The glory and pride of position demonstrated through fine, clean, rich clothing are reversed in the tearing and transition to sackcloth and ashes, modeling through one’s apparel and position the humility and repentance of the heart, seeking forgiveness and redemption through God’s provision of grace and mercy (Matt. 11:21).
Is There an Equivalent Today?
There are some cultures and contexts in our world today in which one can observe the rituals and behaviors of mourning as described throughout Scripture with professional lamenters leading in wailing and crying, mirrors covered in dark cloth, and bodies and faces covered in black to signify grief in mourning. Black clothes exist as the modern equivalent of sackcloth in mourning, but there does not seem to be a modern equivalent for the combined expression of repentance and humility expressed with sackcloth and ashes.
When disasters strike our modern contexts, our responses are based in problem-solving action and guilt-absolving distraction, assigning blame or directing response without the space or solidarity of lament. There does not seem to be a modern equivalent of sackcloth and ashes as an external expression of an inward heart response, but that may not be because of the absence of an external modern alternative but instead, because the internal repose of humility, contrition, and repentance is also absent and so not externalized. When a public figure dies, we fly the flag at half-mast to honor the loss and mourn, but when disaster strikes a community, we tend to blame God, nature, or evil people and externalize our perceived self-righteousness to expect others to repent in place of the common posture of Scripture toward expressing our own humility and destruction and seeking God’s forgiveness, mercy, protection, and grace.
The gospel is not, “Jesus loves you.” While this is true, the good news of the gospel is incomplete without the truth of the bad news of our actual state. The gospel is instead, “God demonstrated His love for us in that while we were still sinners, Christ died for us” (Rom. 5:8). God created us in His image as embodied, holistic beings with emotions, thoughts, relationships, and spirits. Our culture likes to separate these component parts, assuming sin exists in our spirit, mind, and emotions and is then addressed and expressed through our thoughts to God, but as embodied beings, the external expression of our inward state is necessary to fully express ourselves as God has designed us. Scripture does not distinguish between internal states and external states but instead recognizes that sin impacts all our relationships, with God, self, and others, and repentance occurring internally is expressed externally to support the process of recovery and change.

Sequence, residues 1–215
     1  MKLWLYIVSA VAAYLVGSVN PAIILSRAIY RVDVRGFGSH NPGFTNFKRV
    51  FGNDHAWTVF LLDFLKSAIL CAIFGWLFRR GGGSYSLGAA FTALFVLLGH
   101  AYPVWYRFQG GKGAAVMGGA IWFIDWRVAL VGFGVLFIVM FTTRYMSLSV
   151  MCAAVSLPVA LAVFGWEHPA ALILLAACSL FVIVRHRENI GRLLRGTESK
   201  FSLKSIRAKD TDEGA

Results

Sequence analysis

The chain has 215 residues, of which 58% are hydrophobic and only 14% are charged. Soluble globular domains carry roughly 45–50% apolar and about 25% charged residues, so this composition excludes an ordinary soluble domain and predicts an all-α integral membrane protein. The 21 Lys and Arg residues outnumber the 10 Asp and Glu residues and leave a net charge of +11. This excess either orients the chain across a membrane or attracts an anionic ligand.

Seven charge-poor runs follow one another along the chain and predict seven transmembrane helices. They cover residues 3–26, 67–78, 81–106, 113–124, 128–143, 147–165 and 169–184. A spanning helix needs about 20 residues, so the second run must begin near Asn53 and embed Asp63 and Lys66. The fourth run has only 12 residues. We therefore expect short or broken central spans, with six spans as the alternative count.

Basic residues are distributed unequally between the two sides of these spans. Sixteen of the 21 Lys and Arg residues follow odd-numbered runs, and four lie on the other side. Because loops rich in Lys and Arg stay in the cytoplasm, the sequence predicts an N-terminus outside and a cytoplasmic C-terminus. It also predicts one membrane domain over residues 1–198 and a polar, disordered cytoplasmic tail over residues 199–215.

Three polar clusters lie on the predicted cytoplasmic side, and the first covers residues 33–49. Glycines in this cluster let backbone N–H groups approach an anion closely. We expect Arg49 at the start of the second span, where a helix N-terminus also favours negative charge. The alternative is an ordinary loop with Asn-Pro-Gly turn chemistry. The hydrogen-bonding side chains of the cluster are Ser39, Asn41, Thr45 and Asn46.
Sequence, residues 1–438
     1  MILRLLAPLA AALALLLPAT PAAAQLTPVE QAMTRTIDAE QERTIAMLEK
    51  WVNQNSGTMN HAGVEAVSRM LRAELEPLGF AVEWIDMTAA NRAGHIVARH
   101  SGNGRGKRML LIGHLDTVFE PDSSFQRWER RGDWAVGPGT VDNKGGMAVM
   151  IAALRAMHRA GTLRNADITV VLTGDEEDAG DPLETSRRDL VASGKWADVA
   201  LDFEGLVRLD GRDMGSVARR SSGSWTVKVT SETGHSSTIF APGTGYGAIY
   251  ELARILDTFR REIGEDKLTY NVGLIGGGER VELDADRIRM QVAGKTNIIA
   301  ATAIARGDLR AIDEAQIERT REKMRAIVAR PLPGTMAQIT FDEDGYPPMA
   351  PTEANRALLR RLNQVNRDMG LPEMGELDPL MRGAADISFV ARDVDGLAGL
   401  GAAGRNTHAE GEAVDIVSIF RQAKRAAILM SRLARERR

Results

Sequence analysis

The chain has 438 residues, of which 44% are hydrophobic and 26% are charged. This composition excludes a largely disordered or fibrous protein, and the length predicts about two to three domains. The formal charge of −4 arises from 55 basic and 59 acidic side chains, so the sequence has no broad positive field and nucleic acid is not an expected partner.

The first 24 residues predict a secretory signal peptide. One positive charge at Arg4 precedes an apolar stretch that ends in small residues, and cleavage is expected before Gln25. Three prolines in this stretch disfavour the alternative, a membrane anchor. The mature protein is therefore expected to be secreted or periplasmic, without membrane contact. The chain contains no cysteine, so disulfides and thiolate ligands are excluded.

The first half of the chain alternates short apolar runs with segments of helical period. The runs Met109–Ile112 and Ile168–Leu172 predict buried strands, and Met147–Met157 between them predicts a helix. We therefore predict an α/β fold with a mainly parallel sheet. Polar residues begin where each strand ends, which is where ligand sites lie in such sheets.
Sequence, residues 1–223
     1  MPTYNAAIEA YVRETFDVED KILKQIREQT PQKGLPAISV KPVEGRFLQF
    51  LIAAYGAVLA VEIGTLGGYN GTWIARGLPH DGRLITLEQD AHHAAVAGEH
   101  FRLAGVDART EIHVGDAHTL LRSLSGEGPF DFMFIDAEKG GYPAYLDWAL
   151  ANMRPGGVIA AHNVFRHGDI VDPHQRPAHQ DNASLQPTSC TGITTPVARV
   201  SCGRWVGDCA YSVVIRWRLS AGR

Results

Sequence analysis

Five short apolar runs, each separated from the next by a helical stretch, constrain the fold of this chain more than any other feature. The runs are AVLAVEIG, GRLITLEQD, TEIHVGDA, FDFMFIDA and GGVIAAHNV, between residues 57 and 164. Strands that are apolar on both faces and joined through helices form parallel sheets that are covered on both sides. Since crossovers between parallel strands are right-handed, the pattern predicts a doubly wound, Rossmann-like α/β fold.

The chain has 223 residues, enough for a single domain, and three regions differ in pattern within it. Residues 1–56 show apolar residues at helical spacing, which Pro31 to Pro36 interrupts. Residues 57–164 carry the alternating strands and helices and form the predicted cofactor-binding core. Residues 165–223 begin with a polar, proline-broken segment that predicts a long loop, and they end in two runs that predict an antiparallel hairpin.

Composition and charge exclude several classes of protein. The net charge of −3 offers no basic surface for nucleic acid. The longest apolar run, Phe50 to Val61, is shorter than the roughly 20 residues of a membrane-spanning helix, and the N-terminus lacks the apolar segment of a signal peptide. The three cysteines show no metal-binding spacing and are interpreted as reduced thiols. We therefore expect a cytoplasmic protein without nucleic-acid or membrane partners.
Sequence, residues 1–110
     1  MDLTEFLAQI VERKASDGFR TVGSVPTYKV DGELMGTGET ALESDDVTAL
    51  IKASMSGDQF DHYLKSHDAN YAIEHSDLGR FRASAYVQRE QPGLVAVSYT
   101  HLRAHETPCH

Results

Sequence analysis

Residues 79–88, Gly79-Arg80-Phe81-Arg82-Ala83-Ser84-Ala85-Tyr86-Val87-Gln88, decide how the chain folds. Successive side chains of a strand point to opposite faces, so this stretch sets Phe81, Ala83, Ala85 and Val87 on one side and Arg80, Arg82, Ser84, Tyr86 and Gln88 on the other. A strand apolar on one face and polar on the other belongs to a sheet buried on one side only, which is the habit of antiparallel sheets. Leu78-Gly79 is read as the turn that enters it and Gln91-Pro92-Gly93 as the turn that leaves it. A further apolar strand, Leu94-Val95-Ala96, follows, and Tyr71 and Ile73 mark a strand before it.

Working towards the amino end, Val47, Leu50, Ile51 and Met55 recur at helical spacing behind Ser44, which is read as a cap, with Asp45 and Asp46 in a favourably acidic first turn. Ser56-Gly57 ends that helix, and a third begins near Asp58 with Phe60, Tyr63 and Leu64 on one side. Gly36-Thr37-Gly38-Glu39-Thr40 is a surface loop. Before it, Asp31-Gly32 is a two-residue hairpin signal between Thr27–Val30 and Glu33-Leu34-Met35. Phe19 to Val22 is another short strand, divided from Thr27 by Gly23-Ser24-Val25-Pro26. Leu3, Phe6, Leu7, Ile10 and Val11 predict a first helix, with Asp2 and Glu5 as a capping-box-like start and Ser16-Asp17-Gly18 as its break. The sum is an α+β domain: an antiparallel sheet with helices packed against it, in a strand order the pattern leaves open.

Sackcloth and ashes provide the means for signaling to others what we are experiencing. The culture in the church today requires perfect and fashionable presentations of self, creating a disconnect between our internal state and our external state and preventing the capacity to live in true relationship with one another. We need the opportunity to lament with one another, to share real life, to repent and humbly seek forgiveness of each other and of God. While sackcloth and ashes are not necessary for repentance, as God looks at the heart of the person and not just the outward appearance (1 Sam. 16:7), maybe having apparel to demonstrate humility and repentance would provide the first steps toward normalizing this necessary internal condition for our church and the world in the twenty-first century.
Photo credit: ©GettyImages/czarny_bez
Seth L. Scott, PhD, NCC, LPC-S is an associate professor of clinical mental health counseling at Columbia International University in Columbia, South Carolina and provides clinical counseling and supervision in the community through his counseling practice, Sunrise Counseling. Seth, his wife, Jen, and their two middle school children enjoy outdoor activities, reading together as a family, board games, and meeting people through Jen’s pottery business at galleries and festivals.
The views and opinions expressed in this podcast are those of the speakers and do not necessarily reflect the views or positions of Salem Web Network and Salem Media Group.
These verses serve as a source of renewal for the mind and restoration for the heart by reinforcing the notion that, while human weakness is inevitable, God's strength is always available to uplift, guide, and empower us.